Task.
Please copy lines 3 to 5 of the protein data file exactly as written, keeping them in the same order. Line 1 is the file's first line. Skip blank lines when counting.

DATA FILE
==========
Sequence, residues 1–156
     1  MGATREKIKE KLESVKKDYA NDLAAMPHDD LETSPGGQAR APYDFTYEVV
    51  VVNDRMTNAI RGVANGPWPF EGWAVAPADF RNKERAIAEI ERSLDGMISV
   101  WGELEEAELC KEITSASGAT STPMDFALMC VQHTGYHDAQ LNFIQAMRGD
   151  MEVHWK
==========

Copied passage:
    51  VVNDRMTNAI RGVANGPWPF EGWAVAPADF RNKERAIAEI ERSLDGMISV
   101  WGELEEAELC KEITSASGAT STPMDFALMC VQHTGYHDAQ LNFIQAMRGD
   151  MEVHWK